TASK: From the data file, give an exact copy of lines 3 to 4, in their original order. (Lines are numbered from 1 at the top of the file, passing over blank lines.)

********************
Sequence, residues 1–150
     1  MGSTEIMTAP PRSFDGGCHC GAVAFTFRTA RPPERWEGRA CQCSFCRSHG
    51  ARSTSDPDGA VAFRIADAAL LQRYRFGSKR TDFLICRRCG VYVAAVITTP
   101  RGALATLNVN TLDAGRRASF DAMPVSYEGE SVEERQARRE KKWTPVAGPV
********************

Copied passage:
    51  ARSTSDPDGA VAFRIADAAL LQRYRFGSKR TDFLICRRCG VYVAAVITTP
   101  RGALATLNVN TLDAGRRASF DAMPVSYEGE SVEERQARRE KKWTPVAGPV